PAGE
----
Before we started reforming Maine’s welfare system in 2011, people could stay on “temporary” welfare for as long as they wanted.The rule for eligibility was: “When in doubt, hand it out.”
Hello, this is Governor Paul LePage.
When I became Governor, I knew our welfare system needed to be fixed. We had too many people on the welfare rolls, and there was zero accountability.
We’ve worked with thousands of Mainers to help them become more self-reliant and economically independent. Our administration is willing to provide the time and effort it takes to help fellow Mainers.We have enacted a five-year cap on TANF benefits.But that isn’t the only solution.We now offer welfare recipients the opportunities and support they need to succeed.
Bruce E. Condit, M.D., medical director of palliative care and an attending physician at Central Maine Medical Center is one of just five recipients of the 2015 Hastings Center Cunniff-Dixon Physician Awards. Condit has been recognized nationally for his work on behalf of those with serious illnesses in rural Maine.
The awards are cosponsored by The Hastings Center, a bioethics research institute that has done groundbreaking work on end-of-life decision-making, and the Cunniff-Dixon Foundation, which strives to enrich the doctor-patient relationship near the end of life. Duke University Divinity School’s Program in Medicine, Theology, and Culture oversees the selection process.
Saint Dominic Academy’s Junior High School hockey team finished the season last Thursday at the Southern Maine Middle School State Championship Game at the University of New England.
For the second year in a row, St. Dom’s took the State Championship
title for Middle School Hockey.
The co-ed team finished the season with 11 wins, three losses and four ties, while averaging four goals scored per game.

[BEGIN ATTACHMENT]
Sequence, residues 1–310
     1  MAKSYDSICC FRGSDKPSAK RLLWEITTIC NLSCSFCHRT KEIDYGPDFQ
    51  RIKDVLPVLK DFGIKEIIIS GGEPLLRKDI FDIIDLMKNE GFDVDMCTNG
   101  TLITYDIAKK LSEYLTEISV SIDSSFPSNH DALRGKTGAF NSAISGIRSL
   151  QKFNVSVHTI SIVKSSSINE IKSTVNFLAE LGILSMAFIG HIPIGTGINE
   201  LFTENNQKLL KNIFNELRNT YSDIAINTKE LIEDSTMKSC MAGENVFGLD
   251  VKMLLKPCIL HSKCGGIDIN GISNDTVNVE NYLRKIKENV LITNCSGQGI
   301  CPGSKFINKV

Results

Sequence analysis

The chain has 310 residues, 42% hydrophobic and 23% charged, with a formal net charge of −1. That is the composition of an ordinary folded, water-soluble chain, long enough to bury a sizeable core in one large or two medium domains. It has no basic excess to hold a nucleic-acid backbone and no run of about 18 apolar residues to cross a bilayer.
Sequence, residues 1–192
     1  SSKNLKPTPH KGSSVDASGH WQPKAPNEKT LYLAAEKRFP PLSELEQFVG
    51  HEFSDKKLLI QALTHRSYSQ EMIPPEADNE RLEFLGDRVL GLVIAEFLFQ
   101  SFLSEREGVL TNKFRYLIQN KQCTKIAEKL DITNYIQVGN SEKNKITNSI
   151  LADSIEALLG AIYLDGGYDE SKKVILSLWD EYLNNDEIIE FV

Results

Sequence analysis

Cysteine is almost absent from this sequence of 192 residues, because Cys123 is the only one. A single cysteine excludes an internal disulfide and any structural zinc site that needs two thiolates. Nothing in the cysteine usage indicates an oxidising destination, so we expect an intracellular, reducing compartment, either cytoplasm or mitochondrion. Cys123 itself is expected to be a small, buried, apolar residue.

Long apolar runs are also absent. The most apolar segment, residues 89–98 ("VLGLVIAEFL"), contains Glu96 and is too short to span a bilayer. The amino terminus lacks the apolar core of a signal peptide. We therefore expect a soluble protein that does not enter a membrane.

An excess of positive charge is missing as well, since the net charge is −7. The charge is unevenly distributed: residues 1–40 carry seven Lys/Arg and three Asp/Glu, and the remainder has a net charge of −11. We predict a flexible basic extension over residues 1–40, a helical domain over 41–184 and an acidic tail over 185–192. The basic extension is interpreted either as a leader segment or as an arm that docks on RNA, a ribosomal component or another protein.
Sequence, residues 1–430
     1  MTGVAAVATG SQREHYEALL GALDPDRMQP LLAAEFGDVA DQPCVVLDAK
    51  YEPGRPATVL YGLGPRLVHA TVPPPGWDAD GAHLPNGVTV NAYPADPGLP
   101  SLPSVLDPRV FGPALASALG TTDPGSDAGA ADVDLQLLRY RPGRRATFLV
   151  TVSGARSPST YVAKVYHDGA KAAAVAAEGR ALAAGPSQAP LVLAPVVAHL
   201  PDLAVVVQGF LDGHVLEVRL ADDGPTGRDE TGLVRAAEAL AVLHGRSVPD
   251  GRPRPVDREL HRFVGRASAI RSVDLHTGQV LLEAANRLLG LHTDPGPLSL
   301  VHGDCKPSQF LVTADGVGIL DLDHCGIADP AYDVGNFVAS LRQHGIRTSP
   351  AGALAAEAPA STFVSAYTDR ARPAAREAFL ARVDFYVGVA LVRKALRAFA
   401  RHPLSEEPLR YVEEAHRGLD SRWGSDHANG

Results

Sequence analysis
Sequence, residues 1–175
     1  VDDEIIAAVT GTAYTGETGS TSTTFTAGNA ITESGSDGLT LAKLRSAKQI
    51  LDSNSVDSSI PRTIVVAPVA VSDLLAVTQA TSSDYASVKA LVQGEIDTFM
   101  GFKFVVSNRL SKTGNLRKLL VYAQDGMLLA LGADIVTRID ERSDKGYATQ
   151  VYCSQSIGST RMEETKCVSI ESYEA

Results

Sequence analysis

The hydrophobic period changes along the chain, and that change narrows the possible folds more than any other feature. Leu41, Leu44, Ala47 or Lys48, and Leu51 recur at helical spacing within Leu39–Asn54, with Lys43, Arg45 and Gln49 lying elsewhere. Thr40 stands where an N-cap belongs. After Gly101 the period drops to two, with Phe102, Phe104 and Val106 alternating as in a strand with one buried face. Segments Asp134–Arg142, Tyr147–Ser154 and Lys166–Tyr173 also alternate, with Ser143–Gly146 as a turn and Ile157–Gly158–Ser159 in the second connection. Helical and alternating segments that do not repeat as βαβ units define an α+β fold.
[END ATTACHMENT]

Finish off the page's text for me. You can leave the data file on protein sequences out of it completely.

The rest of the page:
Bulletin boards created by students and their teachers were among the highlights of Lisbon Community School’s Dr. Seuss Birthday Celebration on March 6.
“Grades pre-kindergarten through grade 4 participated,” said Monica Millhime, Lisbon’s Community Resource Coordinator. “Teachers and students decided on themes, the layouts and the designs of their Dr. Seuss-themed boards and were very excited to have completed their contest entry by the night of the event.”
By Robert E. Macdonald
Mayor of Lewiston
Simones Hot Dogs, a local landmark of a restaurant, is well known not only for its red hot dogs, but also as a meeting place for political activity. Customers range from the poor to lawyers to businessmen and lastly politicians. Here alliances are made and deals struck.
When I first became mayor, I took a walk up Lisbon Street, speaking with locally established business people and entrepreneurs who saw promise in the area and were investing heavily in the hope of bringing the area to life. Their biggest concern was the deteriorating McCrory’s building, which strained efforts to transform the area. There were no potential buyers on the horizon interested in purchasing the property. Further, it was getting to a point where sometime in the future, the building would have to be demolished, thus joining the site of the old Marco’s restaurant as another vacant lot on Lisbon Street.
In keeping with its long-standing commitment to support local arts, Mechanics Savings Bank has donated $2,000 to Community Little Theatre. The funds will be used to support upcoming performances.
“We are so pleased to receive the support of Mechanics Savings Bank,” said Karen Mayo, executive director of L-A Community Little Theatre. “L-A Community Little Theatre is a volunteer organization, celebrating 75 seasons of live theatre and we would not be able to do it without the support of local business. Businesses like Mechanics Savings who support the arts help to change lives forever and enrich the culture in our community.”
Classical pianist Jon Nakamatsu will perform at Bates College on Friday, March 27 at 7:30 p.m. Praised for his clean technique and deep musical intuition, Nakamatsu took the world of classical piano by storm when, over many more-favored competitors, he walked away with the gold medal at the Van Cliburn International Piano Competition in 1997, becoming the first American to win the prestigious title in 16 years.
His triumph was a classic underdog story: a high school teacher, Nakamatsu had studied with one piano teacher since age 6 and had never gone to a conservatory or college to study music.